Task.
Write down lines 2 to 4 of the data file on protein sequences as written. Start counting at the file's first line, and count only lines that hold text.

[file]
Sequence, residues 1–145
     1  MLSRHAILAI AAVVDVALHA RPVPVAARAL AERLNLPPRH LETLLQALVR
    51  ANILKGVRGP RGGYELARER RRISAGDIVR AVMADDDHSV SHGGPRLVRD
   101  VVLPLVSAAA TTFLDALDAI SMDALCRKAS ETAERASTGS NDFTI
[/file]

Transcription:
     1  MLSRHAILAI AAVVDVALHA RPVPVAARAL AERLNLPPRH LETLLQALVR
    51  ANILKGVRGP RGGYELARER RRISAGDIVR AVMADDDHSV SHGGPRLVRD
   101  VVLPLVSAAA TTFLDALDAI SMDALCRKAS ETAERASTGS NDFTI